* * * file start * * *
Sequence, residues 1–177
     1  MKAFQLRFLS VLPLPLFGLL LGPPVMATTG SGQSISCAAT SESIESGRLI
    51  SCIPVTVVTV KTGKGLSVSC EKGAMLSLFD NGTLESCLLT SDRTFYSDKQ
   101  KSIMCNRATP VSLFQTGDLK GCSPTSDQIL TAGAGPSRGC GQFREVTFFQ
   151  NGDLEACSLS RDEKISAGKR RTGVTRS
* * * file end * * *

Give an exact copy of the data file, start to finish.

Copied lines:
Sequence, residues 1–177
     1  MKAFQLRFLS VLPLPLFGLL LGPPVMATTG SGQSISCAAT SESIESGRLI
    51  SCIPVTVVTV KTGKGLSVSC EKGAMLSLFD NGTLESCLLT SDRTFYSDKQ
   101  KSIMCNRATP VSLFQTGDLK GCSPTSDQIL TAGAGPSRGC GQFREVTFFQ
   151  NGDLEACSLS RDEKISAGKR RTGVTRS